Robinhood, the popular zero-fees stock trading app that’s proven a big hit with millennials to the point that it’s disrupting Wall Street, has now set its eyes on an even bigger prize: banks.
The 5-year-old stock brokerage unveiled "Robinhood Checking & Savings’’ on Thursday, with a promise to pay customers a three-percent interest rate on their savings, every day. That’s 30x the national average of 0.1 percent on a savings account, and nearly a whole percentage point higher than Marcus’ industry-leading 2.05 percent annual percentage yield. Marcus is Goldman Sachs' consumer banking arm.
Checking accounts on average pay out an even more measly 0.08 percent annual interest.
The Amazon of Banking
But perhaps the biggest draw will be the no-fee model it plans to use—and for which the startup has become a millennial obsession.
"We as a company are going make the financial services industry more inclusive and are going to do it with zero commissions, a lower cost structure, and by relentlessly automating and building an engineering-first company. We're charging no fees, period," Robinhood co-CEO Baiju Bhatt told CNBC. Related: Marijuana Looks For Its Next Big Win In New York
That might sound outrageous coming from any other startup but Robinhood. After all, it’s through this model that the app has managed to attain a valuation of nearly $6 billion in its short life. For perspective, that’s about a third the valuation of E-Trade, a leading online brokerage founded 36 years ago.
Robinhood says it will not employ the traditional banking model of using customer deposits to make loans and profit from a host of fees including account maintenance fees, penalty charges, ATM fees, foreign transaction fees and so on. Instead, the company plans to borrow a leaf from Amazon Inc.’s (NASDAQ:AMZN) playbook of focusing on growth first and thinking about profits later. It’s a model championed by many SaaS start-ups, too, with many selling this idea of building a loyal customer base first then trying to monetize it later.
"Amazon built an entire business around a strategy that makes that long-term investments in financial services. We fully intend to make money off of this but we do not need it to be profitable on day one," Bhatt said.
Robinhood certainly knows a thing or two about shunning profits for growth, having recorded massive growth in its customer base in the current year after jumping from 5 million to six million accounts in a matter of months.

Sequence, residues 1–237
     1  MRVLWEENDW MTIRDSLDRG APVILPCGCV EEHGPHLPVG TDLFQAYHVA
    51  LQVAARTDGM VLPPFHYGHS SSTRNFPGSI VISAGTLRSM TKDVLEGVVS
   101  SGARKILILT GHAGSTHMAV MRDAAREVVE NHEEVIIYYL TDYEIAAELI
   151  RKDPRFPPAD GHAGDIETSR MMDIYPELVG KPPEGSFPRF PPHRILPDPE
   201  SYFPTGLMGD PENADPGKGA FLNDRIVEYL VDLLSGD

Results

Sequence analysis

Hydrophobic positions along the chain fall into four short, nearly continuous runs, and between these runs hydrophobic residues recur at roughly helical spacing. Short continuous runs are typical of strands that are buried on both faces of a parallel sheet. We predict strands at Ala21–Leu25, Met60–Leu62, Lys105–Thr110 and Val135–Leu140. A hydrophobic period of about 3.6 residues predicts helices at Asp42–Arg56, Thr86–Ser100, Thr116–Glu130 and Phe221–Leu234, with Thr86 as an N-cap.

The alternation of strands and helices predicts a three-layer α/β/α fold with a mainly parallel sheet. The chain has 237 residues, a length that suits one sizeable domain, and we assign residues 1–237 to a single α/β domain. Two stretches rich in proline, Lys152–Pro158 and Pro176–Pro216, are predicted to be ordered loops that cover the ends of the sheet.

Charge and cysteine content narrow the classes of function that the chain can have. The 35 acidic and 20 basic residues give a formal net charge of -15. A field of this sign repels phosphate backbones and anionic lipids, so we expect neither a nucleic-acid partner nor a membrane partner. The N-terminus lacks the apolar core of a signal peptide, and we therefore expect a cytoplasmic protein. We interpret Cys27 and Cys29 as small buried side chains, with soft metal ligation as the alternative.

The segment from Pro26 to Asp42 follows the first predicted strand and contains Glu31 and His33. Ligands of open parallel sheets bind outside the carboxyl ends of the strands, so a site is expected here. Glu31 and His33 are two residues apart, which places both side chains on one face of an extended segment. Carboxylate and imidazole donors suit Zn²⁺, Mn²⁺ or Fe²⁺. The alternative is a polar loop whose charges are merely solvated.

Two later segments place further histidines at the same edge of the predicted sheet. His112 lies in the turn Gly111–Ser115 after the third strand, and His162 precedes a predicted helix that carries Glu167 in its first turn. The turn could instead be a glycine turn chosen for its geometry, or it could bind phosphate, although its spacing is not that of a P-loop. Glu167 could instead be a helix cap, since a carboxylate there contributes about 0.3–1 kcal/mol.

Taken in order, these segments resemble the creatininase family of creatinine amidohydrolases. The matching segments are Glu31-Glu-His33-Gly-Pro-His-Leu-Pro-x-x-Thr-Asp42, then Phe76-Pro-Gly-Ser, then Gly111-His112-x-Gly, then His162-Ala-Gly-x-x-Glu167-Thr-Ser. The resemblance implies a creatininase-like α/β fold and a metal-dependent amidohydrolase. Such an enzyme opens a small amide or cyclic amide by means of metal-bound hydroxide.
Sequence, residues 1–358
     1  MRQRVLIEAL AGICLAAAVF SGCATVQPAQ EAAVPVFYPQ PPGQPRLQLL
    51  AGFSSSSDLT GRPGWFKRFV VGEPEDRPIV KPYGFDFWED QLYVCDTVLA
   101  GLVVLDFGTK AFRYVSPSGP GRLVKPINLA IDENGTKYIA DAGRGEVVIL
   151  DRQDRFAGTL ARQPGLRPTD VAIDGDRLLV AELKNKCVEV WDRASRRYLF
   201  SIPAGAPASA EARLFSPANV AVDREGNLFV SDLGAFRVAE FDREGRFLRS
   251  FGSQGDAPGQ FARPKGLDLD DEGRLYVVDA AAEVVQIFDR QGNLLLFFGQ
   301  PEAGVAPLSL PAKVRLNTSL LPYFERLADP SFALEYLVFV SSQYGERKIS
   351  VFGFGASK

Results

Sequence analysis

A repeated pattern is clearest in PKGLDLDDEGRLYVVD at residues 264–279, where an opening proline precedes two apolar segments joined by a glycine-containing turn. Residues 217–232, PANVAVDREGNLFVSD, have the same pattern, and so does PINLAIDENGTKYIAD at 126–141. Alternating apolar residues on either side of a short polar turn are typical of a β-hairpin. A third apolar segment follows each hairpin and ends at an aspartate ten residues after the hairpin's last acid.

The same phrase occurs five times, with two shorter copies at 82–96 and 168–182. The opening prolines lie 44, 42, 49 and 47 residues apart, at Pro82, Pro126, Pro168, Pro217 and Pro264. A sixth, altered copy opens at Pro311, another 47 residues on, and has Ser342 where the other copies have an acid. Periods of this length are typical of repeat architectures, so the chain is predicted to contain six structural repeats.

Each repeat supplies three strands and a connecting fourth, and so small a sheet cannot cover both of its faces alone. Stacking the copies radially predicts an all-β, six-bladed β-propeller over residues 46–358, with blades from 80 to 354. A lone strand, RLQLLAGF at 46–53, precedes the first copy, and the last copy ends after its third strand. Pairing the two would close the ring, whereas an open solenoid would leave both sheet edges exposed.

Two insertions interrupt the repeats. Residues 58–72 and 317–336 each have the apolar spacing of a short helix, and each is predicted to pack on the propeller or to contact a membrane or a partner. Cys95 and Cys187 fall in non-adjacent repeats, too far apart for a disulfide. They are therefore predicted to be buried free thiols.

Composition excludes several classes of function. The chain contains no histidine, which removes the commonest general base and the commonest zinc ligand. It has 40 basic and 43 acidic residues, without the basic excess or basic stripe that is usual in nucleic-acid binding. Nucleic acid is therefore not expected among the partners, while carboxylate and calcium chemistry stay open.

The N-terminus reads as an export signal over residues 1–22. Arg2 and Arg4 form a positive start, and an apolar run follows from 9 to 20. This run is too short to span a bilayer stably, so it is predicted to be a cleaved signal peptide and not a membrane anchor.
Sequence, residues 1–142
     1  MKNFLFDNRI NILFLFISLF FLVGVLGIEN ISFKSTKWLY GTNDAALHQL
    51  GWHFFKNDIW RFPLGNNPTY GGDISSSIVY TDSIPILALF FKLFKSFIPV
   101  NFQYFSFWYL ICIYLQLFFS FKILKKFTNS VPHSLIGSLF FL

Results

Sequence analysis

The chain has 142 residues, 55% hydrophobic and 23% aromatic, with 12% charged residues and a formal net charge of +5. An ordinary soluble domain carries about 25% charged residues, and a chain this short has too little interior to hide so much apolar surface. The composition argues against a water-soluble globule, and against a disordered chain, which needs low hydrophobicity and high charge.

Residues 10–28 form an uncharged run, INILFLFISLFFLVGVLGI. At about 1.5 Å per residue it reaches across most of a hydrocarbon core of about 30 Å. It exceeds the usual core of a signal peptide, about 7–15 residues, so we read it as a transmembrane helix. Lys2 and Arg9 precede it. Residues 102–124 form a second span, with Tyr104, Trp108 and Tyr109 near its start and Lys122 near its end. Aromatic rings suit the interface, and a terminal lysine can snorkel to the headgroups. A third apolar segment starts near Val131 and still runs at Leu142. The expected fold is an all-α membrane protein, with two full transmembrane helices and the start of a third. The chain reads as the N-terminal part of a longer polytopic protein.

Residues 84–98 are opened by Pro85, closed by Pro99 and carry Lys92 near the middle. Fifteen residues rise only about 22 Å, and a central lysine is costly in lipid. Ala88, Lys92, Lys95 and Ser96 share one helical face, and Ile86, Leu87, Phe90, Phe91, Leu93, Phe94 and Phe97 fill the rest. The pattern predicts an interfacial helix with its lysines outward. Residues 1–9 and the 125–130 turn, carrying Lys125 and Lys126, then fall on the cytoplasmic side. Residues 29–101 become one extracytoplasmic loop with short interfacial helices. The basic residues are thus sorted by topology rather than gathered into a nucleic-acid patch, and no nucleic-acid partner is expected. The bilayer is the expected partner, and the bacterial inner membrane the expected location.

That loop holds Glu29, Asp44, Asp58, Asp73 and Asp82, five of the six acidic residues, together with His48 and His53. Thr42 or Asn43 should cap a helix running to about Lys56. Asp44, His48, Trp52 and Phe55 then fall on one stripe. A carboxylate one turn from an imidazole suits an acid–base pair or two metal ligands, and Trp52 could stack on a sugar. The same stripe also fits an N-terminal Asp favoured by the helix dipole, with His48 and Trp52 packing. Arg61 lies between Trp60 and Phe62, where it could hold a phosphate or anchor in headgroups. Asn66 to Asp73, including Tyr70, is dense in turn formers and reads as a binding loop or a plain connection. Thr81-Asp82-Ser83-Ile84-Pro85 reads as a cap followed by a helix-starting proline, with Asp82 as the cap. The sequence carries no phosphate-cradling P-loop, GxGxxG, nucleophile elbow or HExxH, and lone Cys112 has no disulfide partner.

Robinhood users are mostly millennials and Generation Xers in the 28-41 age bracket, many of whom use the app to first dip their toes in the world of stocks investing. The company was valued at $5.6 billion in March during a round of funding, a massive 330 percent increase compared to the prior year.
Regarding the question of how the company intends to eventually monetize its users, Bhatt says the startup will split debit card transactions with MasterCard Inc. (NSYE:MA), earn interest off customer assets it holds in trust and also invest in government paper such as U.S. Treasuries.
Robinhood currently earns a living by charging a fraction of a cent per dollar for each trade order and collecting interest on customer deposits. Further, the company makes money from a subscription service known as Robinhood Gold that it launched in September 2016.
Another important Amazon-esque feature: Robinhood says it has no intention of ever selling customer information to third-parties. Retailers frequently chafe at Amazon’s tight hold on customer data which it refuses to sell.
Fintechs Eating Banks’ Lunch
Fintechs are far more successful in Europe and China than in the U.S. Britain’s Revolut recently made history by becoming the first ever digital-only bank to attain unicorn status. China’s Ant Financial Services Group (formerly an Alibaba Inc. (NYSE:BABA) subsidiary) boasts 620 million users and dominates the huge Chinese money market fund much to the chagrin of the local banking industry.
Ant Financial has grown that big through micro-banking and an ethos very similar to Robinhood’s.
It’s probably going to be a cinch for Robinhood to cross-sell its banking products to its already impressive investor use base. Robinhood might very well run rings around American banks one day.
By Alex Kimani for Safehaven.com
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